Griffter 7th February 2013, 13:43 Quote
yearly?.. ahhhhh there's the catch.
Parge 7th February 2013, 14:55 Quote
Quote:
Originally Posted by jrs77
Still don't understand who's interested in playing games on a device like that. Additionally, the consoles are not the expensive part of playing games... the games themselves at $50 a pop are.

What makes you think the games are $50 a pop. Evidence please.
IamJudd 7th February 2013, 15:00 Quote
Additional controllers are $49.99... Games will be free-to-try from which you can then pay to unlock full versions or buy premium upgrades like most iOS titles these days.
BLC 7th February 2013, 15:14 Quote
I'm more interested in using one of these as a low-powered desktop/net-top type device. The problem with that though is one faced by all (or most) ARM-based SBC computers: graphics driver support...
Quote:
Originally Posted by Parge
What makes you think the games are $50 a pop. Evidence please.

I think he meant traditional console games; i.e. Devil May Cry, released around 3 weeks ago, is currently sitting at $58 on Amazon. And people wonder why I don't use my xbox any more...
rollo 7th February 2013, 15:15 Quote
To be blunt its already out of date.

The gpu on tegra 3 is 2 years + now will be more by the time its released. There is cheap tablets with better specs.( that are on andriod)

Theres games already out for andriod that struggle to run on anything but the latest and greatest tablet from the andriod platform. This will have lower hardware so will struggle even more.

Still think they will struggle to gain much support from developers, Without support will that controller even work?

A company made an Ipad controller a few years back and its supported so few games it quickly disapeared from the market place. It was a major pain to code for was the official reason behind it. Most of the cheapo games work best under touch, Angry birds with a controller would be difficult.

Most of the driving games would benifit from a controller.

Games will likely range from minimum price to whatever they want.

On ios the price range is 69pence( angry birds ect) to i think £11.99 is what final fantasy 4 costs. ( basically the psp version of the game also includes the redone FMWs.)Major difference in quality between the titles though.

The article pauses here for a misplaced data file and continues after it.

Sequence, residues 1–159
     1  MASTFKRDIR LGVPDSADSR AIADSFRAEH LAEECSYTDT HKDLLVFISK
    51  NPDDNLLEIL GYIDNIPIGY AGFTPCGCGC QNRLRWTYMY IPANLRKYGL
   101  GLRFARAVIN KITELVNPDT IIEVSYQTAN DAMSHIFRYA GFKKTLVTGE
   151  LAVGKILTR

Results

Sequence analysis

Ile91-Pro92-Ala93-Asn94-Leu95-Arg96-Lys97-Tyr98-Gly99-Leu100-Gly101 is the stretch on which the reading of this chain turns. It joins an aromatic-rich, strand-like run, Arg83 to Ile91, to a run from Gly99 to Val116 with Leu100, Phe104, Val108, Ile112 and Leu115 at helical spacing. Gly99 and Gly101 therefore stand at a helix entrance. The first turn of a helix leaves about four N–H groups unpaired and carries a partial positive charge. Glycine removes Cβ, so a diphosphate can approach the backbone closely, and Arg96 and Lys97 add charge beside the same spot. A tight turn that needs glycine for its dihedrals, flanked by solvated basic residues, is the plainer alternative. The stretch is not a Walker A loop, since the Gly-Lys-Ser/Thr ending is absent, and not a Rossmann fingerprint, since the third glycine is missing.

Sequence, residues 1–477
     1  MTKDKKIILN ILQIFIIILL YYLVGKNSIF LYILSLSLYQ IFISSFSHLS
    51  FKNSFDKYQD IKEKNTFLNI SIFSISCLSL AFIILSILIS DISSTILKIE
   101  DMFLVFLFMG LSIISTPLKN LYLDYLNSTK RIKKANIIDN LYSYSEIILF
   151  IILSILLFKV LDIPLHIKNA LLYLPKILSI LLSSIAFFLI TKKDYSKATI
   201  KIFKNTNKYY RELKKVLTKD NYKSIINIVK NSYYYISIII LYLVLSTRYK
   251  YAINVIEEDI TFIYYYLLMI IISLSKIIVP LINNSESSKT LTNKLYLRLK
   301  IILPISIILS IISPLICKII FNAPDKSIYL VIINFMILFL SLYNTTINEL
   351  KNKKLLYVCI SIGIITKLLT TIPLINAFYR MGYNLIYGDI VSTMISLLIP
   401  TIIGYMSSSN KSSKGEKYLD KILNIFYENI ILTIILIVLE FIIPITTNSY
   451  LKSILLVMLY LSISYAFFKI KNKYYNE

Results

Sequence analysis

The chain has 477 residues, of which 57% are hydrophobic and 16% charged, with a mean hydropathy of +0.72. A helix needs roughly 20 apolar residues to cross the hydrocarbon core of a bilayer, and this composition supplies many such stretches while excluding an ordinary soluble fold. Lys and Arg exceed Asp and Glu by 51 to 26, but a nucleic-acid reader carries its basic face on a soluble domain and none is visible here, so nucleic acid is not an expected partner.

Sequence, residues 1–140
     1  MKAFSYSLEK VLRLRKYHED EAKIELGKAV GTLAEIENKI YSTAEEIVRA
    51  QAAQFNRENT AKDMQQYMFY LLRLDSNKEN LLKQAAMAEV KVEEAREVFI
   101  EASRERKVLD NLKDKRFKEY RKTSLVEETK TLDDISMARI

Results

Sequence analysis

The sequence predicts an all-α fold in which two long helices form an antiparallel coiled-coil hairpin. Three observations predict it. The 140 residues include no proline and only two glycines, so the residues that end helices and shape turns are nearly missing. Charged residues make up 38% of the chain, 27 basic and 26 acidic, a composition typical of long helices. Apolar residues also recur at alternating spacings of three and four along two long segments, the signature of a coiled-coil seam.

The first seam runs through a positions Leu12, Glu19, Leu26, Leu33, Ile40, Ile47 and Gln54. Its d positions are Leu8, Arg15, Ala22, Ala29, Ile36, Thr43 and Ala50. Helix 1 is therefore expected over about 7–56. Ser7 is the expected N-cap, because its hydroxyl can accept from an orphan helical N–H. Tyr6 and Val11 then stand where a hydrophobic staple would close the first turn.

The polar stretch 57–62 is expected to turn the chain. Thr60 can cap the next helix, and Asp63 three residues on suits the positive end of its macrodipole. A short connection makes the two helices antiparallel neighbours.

FF4 will last you 100 hrs. Angry birds will last you a few hrs at best.

I assume if major developers release games for it they will be charged at a higher price than the next tower defence or angry bird clones.
BLC 7th February 2013, 15:24 Quote
Quote:
Originally Posted by rollo
To be blunt its already out of date.

The gpu on tegra 3 is 2 years + now will be more by the time its released. There is cheap tablets with better specs.( that are on andriod)

Theres games already out for andriod that struggle to run on anything but the latest and greatest tablet from the andriod platform. This will have lower hardware so will struggle even more.

Going to have to go ahead and disagree with you there. Sure if you're looking at the latest and greatest stuff to be released, then yeah you can call it out of date (although there's no word yet on when Tegra 4 will make it into a commercial product, IIRC). But the Tegra 3 is no slouch; my One X phone runs a Tegra 3 clocked at a slightly lower speed than the Ouya (1.5Ghz compared to 1.6Ghz) and I've yet to see anything that it won't run. I downloaded Epic Citadel recently and was utterly stunned with the quality of the graphics; it was honestly better than some PC games I've seen in the last 5/6 years. I don't know how well that would scale up to a full-size TV (say, >32"), but the One X is already rendering at 720p. And that's just the 3D performance.
jrs77 7th February 2013, 15:29 Quote
Quote:
Originally Posted by Parge
What makes you think the games are $50 a pop. Evidence please.

Games currently released (PC/PS3/Xbox360) is what I ment. If these were sold for $24.99 a pop at release then there would be much more interest in traditional consoles or PC-games.

Look at all the higher quality games released for the tablets. They're usually dirt-cheap < $10 and basically just as fun to play like all the titles currently released for PC/consoles.